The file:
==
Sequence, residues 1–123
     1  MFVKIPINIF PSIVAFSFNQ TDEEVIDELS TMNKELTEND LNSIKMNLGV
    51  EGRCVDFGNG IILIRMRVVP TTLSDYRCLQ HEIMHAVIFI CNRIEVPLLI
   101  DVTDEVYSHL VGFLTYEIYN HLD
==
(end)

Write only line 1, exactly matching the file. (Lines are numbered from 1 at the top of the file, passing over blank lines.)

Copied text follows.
Sequence, residues 1–123